“Hm?” Emris glances up at us, like he’d forgotten we even existed. “Yes, of course I’m sure. We rendezvoused with Rabbit Clan once, to discuss an alliance. These are their colours.” He pushes himself upright, popping a wood cork in the top of the jar to seal whatever he’d scraped inside. Then he pulls a clunky ink pen from the satchel draped over one shoulder and starts to scratch letters onto the side of the jar. The look of concentration on his face is hilariously beautiful. All he has to do is look around and he could figure out what he needs to now right now.  I’ve only had time for a glance, and I’ve already deduced that raiders, humans who’ve escaped from slavery and who hide in the Plains or the mountains raiding, as their name suggests, Clans for supplies and food, had been involved. Spearheads, a weapon no civilised Ice Person would tough, stick like broken teeth from the snow, and boxes, locked and unopened, little the ground far enough away from the wreckage to make me think they’d been carried there by somebody who’d been forced to drop them.

       “You remember Rabbit Clan,” I said softly to Poppy. “That was the Clan with the Lord who ate all our supper and told us those stories of the machines of the Ancestors.”

      Those stories still tickled my mind, like a vague shadow of a world barely glanced at and only half remembered. Flying machines, he’d told our Lord, along with machines designed to carry a person about on its own power and machines that could talk to one another no matter the distance between them, had all existed, and could – no, would – exist again. All ours, should we ally. The part a brave warrior Clan like Scorpion could play in the second rise of the era of machines would be invaluable.

      Needless to say, our Lord was unimpressed with his stories and ordered the immediate forward movement of the Clan before any of his slaves starved. He’s thoughtful that way, the man who drained me that first terrifying night of my captivity.

     “There’s enough red around here it might as well be Scorpion Clan,” Poppy whispers back, her boots shifting uncomfortably as the snow marked with the lives of about seventy five Clansmen chafed at her shins.

       Emris, who has finished admiring his penmanship on the jar and is in the midst of turning to hunt for his next piece of evidence, whirls sharply back to us.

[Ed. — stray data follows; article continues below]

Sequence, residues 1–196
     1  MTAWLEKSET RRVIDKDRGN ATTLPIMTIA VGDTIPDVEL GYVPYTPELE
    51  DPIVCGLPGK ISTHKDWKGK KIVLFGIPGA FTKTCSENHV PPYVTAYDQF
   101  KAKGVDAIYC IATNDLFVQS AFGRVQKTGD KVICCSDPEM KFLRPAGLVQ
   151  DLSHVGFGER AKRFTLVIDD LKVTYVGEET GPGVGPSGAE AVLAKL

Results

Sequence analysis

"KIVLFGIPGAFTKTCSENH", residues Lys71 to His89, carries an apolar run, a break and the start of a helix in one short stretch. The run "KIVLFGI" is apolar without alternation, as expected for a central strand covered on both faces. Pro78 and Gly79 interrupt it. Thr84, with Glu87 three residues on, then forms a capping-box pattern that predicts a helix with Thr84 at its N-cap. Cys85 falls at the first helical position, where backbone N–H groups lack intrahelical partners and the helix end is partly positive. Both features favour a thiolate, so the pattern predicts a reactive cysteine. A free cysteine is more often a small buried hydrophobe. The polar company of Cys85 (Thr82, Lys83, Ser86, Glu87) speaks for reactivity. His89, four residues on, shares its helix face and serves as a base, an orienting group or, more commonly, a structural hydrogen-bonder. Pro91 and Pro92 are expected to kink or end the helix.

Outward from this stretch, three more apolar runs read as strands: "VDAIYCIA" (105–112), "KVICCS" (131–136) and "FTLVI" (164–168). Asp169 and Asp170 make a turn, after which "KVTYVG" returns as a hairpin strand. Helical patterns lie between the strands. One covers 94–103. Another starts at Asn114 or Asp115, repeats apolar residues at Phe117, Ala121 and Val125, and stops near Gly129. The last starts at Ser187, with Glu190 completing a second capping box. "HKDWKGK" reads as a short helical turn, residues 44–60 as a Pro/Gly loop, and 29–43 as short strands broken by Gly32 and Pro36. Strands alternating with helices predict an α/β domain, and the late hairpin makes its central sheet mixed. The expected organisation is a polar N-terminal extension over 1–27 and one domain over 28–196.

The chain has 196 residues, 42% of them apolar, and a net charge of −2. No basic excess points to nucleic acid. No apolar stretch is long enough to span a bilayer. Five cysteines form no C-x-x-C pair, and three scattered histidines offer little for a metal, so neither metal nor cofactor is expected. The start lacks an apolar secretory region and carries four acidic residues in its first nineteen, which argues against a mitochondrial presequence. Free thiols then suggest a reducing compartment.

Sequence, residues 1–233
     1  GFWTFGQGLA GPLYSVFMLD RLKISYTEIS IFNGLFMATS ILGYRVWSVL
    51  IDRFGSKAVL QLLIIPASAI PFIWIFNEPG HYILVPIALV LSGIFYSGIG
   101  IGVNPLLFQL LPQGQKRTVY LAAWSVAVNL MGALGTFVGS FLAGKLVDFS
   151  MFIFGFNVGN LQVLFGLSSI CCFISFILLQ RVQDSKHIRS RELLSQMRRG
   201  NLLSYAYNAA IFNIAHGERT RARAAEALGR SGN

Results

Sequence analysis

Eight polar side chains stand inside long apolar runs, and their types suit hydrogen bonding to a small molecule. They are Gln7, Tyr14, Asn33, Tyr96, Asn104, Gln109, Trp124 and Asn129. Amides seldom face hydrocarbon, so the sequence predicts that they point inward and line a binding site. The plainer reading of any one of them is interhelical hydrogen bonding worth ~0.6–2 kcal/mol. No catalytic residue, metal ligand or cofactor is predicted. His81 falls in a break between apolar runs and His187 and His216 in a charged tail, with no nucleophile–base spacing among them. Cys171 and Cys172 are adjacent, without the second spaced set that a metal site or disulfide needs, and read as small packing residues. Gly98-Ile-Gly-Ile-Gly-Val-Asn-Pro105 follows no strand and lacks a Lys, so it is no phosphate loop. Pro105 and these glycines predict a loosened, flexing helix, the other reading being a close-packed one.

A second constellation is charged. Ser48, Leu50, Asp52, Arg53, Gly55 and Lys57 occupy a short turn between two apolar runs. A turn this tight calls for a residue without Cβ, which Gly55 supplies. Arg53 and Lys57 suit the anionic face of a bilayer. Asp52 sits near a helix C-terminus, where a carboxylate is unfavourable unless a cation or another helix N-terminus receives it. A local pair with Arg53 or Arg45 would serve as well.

“You will not speak of the Scorpion Clan as if it could be defeated,” he tells her. “If the Lord had heard you…”

      He stares at her distraught expression for a moment, then frowns and turns away.  

     Poppy visibly sinks, her eyes filling with tears. I am confused.

     “What is it?” I say. She ignores me and stares after Emris’ retreating back.

     “I didn’t mean to make him mad, Rae,” she says.

      “None of us ever do. What’s wrong, Poppy?”

       But she just shakes her head. “It’s nothing.” Her feet begin to move again. I can see her hands trembling. Realising this, she clutches the straps of the bag weighing her spine down, apparently in the hopes this will stop them. It doesn’t.

       “’Nothing’ is what you do around them,” I mutter. I’m curious now, as well as a little suspicious. “If you were thinking what I think you were thinking…” She is quiet, moving steadily away from me, towards the far side of the ruins. I let out a low breath as my suspicion is all but confirmed. “By the ancestors, Poppy, the dangers involved… Not to mention the stupidity of such a notion to begin with. And for what?”

      “It’s nothing, Rae,” she hisses, and stops dead. Her back is to me. I can see the tip of her brand crawling around her neck, poking above the frayed collar of her coat. A budding flower sits atop a stem that reaches across her right shoulder and curls down to her right wrist. Flowers in varying states of bloom dot the stem. There are no secrets about our bodies in a single caravan of slaves; after ancestors’ know how many years combined of sharing that cramped living space, we know each others’ bodies about as well as we do our own. My own brand, that of the family Sallow, is safely hidden beneath my many layers of tattered sleeves. A thick branch of some ancient tree not seen by human eyes for more generations than I dare think twists up my arm, absolutely dripping with long, lush green leaves. Warren, my brother, used to tell me they went nicely with my green eyes— a rarity in this blue-eyed yellow-haired land, to be sure. Still, the commonness of my own yellow hair, currently tied in a thick tail tucked down the back of my coat, negated any chance my green eyes would be too easily noticeable.

      I stop too, only a pace behind my slave sister. I wonder what to say. ‘Sorry?’ Or perhaps, ‘you’re out of your mind?’ Those would both be the truthful options. And I am nothing if not truthful.